McCafferty worries about this as well, noting that many practices monitor veterinarians for undercharging, "but only the best monitor for overcharging." That doesn't mean he's against rewarding associates financially, he says, but he argues that they should be incentivized to make long-range contributions to the business. "Smart practices reward associates who bring in clients rather than carpetbaggers who hop from exam room to exam room," he says.
Dr. Heinke agrees, adding that changes in the economics of modern veterinary practice force owners to approach compensation from a more holistic perspective. Her advice is for owners to "stay interactive with their top line," to understand their profitability and the relationship between their fees and operating expenses, and to monitor how they're using staff to boost what their veterinarians can do. "If I've invested in a large facility with all the bells and whistles—all the things that keep clients coming in the door—and a high level of staffing, my cost of operation as a percentage of revenue is a lot higher than the low-cost, high-volume, 1,000-square-foot facility with a couple of exam rooms that gets clients in and out as quickly as possible," she explains.
And if you add rapid obsolescence of expensive equipment, management software costs, service contracts, and other expenses, the cost of doing business grows dramatically. "You have to know what your profitability is, and then you work back to how to pay everybody," Dr. Heinke says, "which includes doctors. All the pieces work together."
Dr. Heinke advocates a compensation plan based on an array of factors, of which production is just one. For example, to receive the top level of incentive-related pay, a doctor:
The underlying purpose of an effective compensation strategy, Dr. Heinke says, is to help doctors reach their individual potential—which they do by helping the practice reach its potential.
And here Opperman would agree. He believes, however, that associates who focus on practice development—attracting new clients, getting involved in the community, furthering their education—will see the results reflected in their production income. And the only time he's observed any overcharging or vying for caseload is when doctors have had deeper personal issues. "These problems will come out anyway; they just show themselves sooner when the doctor's on ProSal," he says. "It's a personality flaw, not a flaw in the method of compensation.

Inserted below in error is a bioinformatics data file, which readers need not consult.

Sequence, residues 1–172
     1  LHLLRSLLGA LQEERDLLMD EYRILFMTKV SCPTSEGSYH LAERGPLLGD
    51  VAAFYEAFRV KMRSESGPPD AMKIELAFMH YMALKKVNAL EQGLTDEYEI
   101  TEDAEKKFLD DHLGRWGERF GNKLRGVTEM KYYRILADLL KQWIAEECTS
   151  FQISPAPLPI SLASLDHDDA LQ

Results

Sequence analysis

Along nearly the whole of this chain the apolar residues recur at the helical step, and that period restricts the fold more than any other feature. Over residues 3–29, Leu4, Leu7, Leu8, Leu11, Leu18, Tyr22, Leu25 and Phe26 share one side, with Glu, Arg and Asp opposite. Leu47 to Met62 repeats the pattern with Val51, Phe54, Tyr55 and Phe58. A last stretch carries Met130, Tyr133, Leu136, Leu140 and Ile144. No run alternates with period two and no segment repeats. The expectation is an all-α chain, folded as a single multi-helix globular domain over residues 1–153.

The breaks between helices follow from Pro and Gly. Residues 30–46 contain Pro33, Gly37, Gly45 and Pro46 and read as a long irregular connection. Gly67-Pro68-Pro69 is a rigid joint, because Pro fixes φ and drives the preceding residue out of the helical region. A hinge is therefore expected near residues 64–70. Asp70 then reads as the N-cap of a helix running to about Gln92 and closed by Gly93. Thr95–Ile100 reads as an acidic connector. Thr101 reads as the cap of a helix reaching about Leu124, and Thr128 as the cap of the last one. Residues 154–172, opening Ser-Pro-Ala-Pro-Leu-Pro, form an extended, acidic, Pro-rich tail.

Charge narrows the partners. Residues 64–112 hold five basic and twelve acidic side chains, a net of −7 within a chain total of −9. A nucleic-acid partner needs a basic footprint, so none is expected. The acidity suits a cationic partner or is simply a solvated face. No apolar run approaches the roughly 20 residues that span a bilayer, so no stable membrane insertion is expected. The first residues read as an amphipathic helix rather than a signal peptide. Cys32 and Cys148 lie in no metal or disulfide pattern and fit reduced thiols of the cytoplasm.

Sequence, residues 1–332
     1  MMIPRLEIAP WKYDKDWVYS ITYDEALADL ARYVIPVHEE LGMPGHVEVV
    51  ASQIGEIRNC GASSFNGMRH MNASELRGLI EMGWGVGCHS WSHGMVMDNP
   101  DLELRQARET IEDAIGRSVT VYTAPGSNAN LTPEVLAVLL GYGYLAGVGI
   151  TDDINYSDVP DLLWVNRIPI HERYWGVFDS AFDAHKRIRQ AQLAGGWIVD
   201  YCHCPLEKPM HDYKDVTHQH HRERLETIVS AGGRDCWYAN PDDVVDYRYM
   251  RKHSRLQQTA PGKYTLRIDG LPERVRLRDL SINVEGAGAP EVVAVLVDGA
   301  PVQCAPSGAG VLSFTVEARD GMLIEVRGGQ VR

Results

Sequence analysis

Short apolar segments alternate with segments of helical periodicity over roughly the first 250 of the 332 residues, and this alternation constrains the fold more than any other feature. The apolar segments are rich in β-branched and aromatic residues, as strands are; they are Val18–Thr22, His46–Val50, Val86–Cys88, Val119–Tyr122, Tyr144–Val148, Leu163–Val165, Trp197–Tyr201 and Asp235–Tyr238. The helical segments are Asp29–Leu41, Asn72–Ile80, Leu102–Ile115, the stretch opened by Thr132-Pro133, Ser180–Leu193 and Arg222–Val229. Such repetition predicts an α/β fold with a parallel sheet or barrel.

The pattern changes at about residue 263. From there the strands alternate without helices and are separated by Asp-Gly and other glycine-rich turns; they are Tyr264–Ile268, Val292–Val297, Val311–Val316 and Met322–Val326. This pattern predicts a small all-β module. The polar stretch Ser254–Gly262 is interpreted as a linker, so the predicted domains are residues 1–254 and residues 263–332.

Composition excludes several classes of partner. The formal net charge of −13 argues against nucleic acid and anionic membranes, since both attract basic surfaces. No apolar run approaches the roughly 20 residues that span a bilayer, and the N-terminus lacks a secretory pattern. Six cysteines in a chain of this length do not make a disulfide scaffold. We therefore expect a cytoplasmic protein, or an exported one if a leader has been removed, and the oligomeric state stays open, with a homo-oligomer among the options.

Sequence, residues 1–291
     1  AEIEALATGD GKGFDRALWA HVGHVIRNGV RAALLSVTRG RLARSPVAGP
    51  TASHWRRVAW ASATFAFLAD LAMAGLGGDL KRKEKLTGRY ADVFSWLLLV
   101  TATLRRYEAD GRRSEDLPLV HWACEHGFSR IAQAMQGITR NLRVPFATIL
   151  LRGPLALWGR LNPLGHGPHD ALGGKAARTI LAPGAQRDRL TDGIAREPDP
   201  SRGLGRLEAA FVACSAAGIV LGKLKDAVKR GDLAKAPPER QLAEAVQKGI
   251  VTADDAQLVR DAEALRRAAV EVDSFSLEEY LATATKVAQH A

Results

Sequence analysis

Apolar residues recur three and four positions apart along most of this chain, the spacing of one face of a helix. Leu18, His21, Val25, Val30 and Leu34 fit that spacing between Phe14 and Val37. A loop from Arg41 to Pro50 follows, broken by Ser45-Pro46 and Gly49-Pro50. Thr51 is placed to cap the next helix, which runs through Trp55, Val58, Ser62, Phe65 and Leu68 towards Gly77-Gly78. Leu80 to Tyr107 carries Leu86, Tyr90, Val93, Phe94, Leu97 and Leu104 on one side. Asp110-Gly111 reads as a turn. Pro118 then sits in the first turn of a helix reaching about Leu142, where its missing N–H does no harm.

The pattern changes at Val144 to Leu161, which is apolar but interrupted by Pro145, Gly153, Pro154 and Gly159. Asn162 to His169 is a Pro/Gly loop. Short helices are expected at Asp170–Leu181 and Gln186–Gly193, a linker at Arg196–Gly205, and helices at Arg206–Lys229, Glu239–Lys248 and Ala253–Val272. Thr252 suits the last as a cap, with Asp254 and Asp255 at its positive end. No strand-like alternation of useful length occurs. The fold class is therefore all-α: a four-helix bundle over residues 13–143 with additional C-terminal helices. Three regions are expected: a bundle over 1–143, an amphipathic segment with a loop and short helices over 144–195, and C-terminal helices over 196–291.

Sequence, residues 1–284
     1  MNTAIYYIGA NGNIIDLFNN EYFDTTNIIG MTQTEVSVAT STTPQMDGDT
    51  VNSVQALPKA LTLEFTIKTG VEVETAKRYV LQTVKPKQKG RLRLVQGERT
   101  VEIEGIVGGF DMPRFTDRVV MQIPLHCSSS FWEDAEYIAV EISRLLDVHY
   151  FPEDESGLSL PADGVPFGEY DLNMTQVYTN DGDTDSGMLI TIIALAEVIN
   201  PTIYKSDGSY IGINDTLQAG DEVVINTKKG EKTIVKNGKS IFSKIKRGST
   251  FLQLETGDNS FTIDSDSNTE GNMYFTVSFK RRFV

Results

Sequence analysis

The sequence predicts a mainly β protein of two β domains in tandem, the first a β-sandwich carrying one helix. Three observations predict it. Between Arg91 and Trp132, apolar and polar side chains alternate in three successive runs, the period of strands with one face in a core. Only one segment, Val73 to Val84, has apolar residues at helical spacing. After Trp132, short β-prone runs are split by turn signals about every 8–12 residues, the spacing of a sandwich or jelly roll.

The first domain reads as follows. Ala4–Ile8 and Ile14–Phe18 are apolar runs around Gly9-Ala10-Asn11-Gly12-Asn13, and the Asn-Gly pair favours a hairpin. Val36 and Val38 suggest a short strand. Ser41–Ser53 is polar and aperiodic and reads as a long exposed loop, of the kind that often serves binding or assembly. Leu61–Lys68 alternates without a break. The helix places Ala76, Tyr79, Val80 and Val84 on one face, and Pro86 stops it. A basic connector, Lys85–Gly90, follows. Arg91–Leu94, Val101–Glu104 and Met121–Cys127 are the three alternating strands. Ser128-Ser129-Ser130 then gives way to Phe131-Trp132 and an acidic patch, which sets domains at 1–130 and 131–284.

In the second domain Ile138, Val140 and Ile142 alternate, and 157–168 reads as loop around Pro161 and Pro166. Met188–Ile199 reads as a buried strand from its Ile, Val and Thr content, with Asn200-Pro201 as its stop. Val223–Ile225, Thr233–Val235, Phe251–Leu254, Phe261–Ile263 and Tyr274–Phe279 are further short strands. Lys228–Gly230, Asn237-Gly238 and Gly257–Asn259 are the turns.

While acknowledging that opinions vary on this complex subject, Opperman maintains that production-based pay is, in fact, the modern way of paying associates. In Dr. Esplin's situation, he would suggest a percentage on the low end of the scale to suit his highly leveraged practice. Tumblin agrees. "With six technicians or assistants supporting each doctor," she says, "the percentage paid to the doctors should be 16 percent or perhaps even lower."
So maybe the two camps aren't that far apart after all, at least in their belief that a progressive, highly leveraged practice needs to pay doctors a lower percentage. The upside for doctors in these hospitals, according to Tumblin and Opperman, is that a high staff-to-doctor ratio paired with a strong management structure results in higher efficiency and productivity. That means doctors can see more clients and produce more income—benefiting both the individual doctor and the practice as a whole—and the practice maintains employment costs (as a percentage of revenue) on par with a practice with a lower staff ratio, no management structure, and lower productivity.
So where does that leave Dr. Esplin and his sour compensation conversations? He's keeping it all in perspective. "I'm not a guy who sits in his office surrounded by charts on the wall tracking productivity," he says. "But, in the end, I know we pride ourselves on giving extremely good care to pets."
And no matter what compensation model he decides to use, that's a recipe for sweet success.
Veterinary Economics special assignments editor John Lofflin is a freelance writer in Kansas City, Mo., and journalism teacher at Park University in Parkville, Mo.